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His international exhibitions, the 1966 Venice Biennial and his last years at Comabbio

From the start of the sixties, Fontana was particularly committed to his series of "Olii" ("Oils") on canvas, where the thick painted layer is perforated with holes or gashes. This series includes the works devoted to an evocation of the city of Venice, displayed at his first one-man show in the USA at the Martha Jackson Gallery in New York (1961). The same year, inspired by the city of New York, he devised a new kind of work, which became his series of "Metalli" ("Metal Sheets"), shiny metal plates that the artist cut into with gashes. His unstoppable inventive spirit was paralleled by the number of exhibitions devoted to his work, in Milan, Venice, Tokyo, London, Bruxelles. In his quest for iconographic renewal, he developed his important cycle that goes by the name of "La Fine di Dio" ("The End of God", 1963-1964), a series of monochrome oval canvases, at times covered in sequins and cut through with holes or gashes, first shown at the Ariete gallery in Milan and later at the Iris Clert gallery in Paris..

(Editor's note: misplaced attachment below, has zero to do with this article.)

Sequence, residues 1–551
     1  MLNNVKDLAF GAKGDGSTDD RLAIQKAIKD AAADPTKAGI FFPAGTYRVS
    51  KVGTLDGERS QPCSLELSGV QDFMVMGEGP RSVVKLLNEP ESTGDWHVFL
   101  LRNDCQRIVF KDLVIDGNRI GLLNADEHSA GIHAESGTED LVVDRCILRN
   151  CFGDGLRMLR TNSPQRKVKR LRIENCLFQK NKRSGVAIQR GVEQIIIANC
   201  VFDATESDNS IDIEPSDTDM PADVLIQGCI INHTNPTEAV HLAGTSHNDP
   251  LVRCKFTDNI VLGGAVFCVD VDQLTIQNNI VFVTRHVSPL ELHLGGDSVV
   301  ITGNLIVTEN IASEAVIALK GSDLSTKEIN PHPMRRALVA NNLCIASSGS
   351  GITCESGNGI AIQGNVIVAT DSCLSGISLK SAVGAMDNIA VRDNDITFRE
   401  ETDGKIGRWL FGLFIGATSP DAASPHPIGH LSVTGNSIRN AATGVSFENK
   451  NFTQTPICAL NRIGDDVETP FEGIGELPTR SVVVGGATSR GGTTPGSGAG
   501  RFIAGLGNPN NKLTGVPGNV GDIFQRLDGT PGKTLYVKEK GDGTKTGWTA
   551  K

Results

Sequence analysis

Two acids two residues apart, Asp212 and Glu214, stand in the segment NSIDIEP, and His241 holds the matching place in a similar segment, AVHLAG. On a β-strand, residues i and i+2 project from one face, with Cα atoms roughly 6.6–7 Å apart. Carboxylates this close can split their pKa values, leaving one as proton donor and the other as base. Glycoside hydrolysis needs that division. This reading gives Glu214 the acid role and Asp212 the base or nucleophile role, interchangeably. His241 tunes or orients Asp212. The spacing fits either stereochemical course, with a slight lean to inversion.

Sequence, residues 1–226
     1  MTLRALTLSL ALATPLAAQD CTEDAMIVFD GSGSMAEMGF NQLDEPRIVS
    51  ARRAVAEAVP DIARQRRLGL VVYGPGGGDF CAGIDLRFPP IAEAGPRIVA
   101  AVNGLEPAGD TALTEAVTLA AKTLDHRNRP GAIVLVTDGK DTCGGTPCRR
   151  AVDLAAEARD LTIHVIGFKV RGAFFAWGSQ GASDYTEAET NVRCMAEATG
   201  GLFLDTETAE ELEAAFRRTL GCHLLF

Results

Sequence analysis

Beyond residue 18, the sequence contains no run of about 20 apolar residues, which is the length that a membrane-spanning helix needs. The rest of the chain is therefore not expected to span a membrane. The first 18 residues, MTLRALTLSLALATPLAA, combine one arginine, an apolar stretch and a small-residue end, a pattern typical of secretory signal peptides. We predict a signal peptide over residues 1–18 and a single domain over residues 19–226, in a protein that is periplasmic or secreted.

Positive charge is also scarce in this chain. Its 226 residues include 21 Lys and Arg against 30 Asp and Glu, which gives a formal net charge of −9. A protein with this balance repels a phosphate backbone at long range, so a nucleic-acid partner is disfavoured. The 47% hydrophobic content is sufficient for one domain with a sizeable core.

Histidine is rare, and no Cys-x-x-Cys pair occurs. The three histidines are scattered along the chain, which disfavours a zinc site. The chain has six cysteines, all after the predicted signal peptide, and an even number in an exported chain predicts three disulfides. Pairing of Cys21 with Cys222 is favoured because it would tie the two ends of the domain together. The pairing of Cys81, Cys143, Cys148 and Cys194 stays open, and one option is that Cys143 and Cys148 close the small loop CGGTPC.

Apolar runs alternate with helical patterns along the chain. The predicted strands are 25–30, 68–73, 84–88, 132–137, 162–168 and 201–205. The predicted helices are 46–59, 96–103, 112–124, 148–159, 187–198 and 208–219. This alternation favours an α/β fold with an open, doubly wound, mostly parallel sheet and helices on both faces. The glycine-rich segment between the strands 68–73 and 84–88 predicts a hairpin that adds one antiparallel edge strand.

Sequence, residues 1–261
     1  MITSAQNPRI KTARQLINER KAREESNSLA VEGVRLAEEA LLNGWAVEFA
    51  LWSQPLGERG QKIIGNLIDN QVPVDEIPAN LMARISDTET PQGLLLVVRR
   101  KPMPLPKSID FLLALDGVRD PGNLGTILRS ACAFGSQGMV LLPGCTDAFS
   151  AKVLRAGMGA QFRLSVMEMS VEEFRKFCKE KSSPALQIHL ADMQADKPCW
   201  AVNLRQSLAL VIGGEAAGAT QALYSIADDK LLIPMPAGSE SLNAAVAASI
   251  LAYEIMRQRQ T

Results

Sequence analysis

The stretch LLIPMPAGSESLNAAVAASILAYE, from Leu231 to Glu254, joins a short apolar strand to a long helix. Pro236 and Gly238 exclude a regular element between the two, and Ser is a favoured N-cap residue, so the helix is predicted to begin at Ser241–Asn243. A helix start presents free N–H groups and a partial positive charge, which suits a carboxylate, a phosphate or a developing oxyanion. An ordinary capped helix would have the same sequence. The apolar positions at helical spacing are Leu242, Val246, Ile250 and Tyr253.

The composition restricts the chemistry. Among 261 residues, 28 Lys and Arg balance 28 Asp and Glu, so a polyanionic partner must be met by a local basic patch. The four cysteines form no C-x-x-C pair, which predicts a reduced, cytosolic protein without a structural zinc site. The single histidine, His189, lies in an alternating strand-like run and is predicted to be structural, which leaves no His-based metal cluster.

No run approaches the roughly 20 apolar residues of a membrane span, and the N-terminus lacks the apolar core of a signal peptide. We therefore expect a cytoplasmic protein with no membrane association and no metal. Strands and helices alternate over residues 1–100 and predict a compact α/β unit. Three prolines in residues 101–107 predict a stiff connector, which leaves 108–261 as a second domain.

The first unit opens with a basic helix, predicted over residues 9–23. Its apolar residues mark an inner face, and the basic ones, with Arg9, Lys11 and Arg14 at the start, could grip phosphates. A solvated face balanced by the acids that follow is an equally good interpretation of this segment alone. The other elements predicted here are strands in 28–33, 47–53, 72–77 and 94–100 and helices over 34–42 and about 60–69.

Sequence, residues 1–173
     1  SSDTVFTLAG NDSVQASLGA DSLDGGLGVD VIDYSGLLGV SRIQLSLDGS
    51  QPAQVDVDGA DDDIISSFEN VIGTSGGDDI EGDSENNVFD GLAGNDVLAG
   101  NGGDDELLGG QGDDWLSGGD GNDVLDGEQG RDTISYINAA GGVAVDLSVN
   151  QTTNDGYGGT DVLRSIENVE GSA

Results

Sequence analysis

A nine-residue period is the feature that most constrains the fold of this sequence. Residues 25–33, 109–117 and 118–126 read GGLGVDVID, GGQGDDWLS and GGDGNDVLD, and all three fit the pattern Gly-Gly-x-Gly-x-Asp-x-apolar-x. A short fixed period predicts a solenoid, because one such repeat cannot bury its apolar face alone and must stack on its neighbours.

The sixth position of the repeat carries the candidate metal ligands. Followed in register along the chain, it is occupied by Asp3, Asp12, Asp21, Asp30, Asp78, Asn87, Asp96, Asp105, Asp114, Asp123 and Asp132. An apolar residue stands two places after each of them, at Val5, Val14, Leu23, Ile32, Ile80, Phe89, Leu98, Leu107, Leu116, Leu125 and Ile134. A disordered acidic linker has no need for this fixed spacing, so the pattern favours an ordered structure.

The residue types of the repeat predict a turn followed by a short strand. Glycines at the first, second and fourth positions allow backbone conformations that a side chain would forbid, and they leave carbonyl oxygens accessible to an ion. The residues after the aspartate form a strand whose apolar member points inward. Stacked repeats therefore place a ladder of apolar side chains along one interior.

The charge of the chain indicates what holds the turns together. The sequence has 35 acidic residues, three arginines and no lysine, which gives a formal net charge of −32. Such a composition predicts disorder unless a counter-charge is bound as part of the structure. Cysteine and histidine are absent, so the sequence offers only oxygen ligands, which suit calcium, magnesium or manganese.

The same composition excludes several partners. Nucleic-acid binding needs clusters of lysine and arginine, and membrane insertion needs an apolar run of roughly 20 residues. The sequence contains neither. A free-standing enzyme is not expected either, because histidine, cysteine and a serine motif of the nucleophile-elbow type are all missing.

Lucio Fontana next put his creativity to the test with his series of "Teatrini" ("Little Theatres", 1964-1966), works where the lacquered wooden frames are shaped to make up different outlines. The year 1966 was a year of important international acclaim. One-man exhibitions were organized at the Walker Art Center in Minneapolis, at the Marlborough Gallery in New York and at the Alexander Iolas gallery in Paris. In Italy, the hall that was devoted to his work at the 33rd Venice Biennial was of particular prominence; in this space he worked alongside the architect Carlo Scarpa to create an oval maze-like environment illuminated by a white light and covered by white canvases each with a single slash. This work was greeted with great acclaim and won the Biennial prize. The year 1967 marked the culmination of his strict use of single colours, and his tendency to cut canvases with more and more regular clean slashes in his series of "Ellissi" ("Ellipses"), elliptical lacquered wooden panels in various colours and perforated by machine-cut holes, in line with new technical developments. At the start of 1968, Lucio Fontana left his studio in Corso Monforte, in Milan, and moved to Comabbio (near Varese). He died in Varese on the 7th September of the same year.




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